So what is smart home automation? Any collection of gadgets, appliances, or systems that link to a common network and can be operated independently and remotely is referred to as smart home automation.
When your house's technology is integrated into a single system, it can also be referred to as a "connected home". A good example is when your home's lighting, speakers, TVs, CCTV, locks, and more are all integrated into a single system that you can operate with your phone or a mobile touch screen device.
Trend 5: Innovative and Diverse Unit Types To Help Cater To Different Needs
A housing unit is a single unit within a larger structure that can be used to do regular living activities like eating, sleeping, and so on, by an individual or a household.
The unit might be in any sort of housing, including a house, apartment, bungalow, or container home. It can also be a single room in a group of rooms. Variety they say is the spice of life.
When you include different types, sizes, and prices of housing, with different facilities, to cater to different demographics, your student housing becomes an inevitable choice for different types of people.
Except it is for a very important reason, you don't need to have similar structures throughout the same complex, because you are not going to be catering to similar students throughout your student housing.
It's no longer unusual to come across a housing complex that combines quad-style, apartment-style, studio-style, and family flats. Diverse unit types are your best bet to appeal to different living preferences.
Future Of Student Housing
In addition, gender-neutral housing is fast becoming popular in the student housing sector, and many seem to be enjoying the trend.
Subsequently, a lot of people would employ this strategy and it is looking good for the future of student housing. Institutions have figured out a method to offer co-ed accommodation while maintaining student privacy.
When it comes to restrooms, for example, some co-ed dorms have gender-specific showers. Aside from that, there are other common places where you may cook, lounge around, or study.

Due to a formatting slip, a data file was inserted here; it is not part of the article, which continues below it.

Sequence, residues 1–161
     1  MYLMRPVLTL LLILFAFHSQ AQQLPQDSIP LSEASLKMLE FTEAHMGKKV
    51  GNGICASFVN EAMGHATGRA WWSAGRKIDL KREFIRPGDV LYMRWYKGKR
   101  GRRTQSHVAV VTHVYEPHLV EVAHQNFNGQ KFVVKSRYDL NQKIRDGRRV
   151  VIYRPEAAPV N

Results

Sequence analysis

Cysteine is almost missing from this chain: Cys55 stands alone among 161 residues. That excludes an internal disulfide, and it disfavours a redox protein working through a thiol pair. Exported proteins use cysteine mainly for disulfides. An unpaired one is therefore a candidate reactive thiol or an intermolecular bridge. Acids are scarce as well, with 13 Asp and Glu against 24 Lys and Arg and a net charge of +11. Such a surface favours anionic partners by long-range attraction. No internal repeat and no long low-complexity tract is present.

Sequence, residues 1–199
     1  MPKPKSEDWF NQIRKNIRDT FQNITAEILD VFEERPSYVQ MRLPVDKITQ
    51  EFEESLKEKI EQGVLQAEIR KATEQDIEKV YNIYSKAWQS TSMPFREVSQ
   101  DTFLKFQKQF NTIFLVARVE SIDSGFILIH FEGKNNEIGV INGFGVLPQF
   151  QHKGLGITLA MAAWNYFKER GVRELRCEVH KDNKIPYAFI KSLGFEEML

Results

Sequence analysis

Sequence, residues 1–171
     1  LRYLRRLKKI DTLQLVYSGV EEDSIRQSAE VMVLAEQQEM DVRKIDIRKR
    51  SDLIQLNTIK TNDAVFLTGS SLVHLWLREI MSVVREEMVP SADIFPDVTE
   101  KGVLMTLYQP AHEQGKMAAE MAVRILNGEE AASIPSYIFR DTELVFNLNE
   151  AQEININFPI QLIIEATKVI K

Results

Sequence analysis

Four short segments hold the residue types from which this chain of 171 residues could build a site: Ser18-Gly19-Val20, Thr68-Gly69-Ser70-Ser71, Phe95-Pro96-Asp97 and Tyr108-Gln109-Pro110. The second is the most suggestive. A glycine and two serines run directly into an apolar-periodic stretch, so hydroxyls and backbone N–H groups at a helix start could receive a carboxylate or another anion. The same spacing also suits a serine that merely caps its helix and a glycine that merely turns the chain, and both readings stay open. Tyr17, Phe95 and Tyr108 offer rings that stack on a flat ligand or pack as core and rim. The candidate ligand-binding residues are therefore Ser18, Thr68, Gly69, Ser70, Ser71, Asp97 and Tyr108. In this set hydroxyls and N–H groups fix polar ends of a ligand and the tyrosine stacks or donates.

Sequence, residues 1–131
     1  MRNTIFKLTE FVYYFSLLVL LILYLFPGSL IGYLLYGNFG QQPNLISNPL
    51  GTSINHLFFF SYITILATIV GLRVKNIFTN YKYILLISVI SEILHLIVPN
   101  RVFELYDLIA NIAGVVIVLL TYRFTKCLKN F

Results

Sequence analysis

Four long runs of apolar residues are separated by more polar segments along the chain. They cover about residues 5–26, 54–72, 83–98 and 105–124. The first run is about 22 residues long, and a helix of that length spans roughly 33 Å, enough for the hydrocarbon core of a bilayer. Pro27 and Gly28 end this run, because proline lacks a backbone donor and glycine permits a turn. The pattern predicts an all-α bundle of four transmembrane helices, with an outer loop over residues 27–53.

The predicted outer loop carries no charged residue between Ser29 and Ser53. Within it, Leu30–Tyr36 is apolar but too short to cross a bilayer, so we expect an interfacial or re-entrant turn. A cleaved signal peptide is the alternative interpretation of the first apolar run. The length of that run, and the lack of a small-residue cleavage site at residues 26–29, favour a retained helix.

Without a question, the global health issue has prompted long-term changes in the way student housing is built, maintained, and occupied.
Aside from verifying that every student follows health regulations to the letter, student housing will likely eliminate traditional large-group quarters in favor of single and double occupancies.
Similarly, when a new generation of students enters universities and colleges, everything regarding student living has evolved. Gen Z students, unlike previous generations, have their own set of demands and lifestyle choices.
The newer generation's conduct and lifestyle are unlike anything we've seen before.
Gen Z has been impacted by modern technology since birth, and as a result, they are quite picky about the facilities provided by college communities and residences.
Increased privacy, comfortable and computer-enabled study areas and car-sharing services are just a few examples.
The new generation's lifestyle preferences have a significant impact on the trends and student accommodation statistics we've reviewed. Furthermore, current technology's curiosities play a key function in the industry's adjustments.
Student housing operators have been able to build products that are not only matched with student demand but also robust to downturns in the economy by taking these aspects into account.
Unfortunately, nobody can categorically tell how the student housing business will do in the future. All you can do is be observant and open to any changes.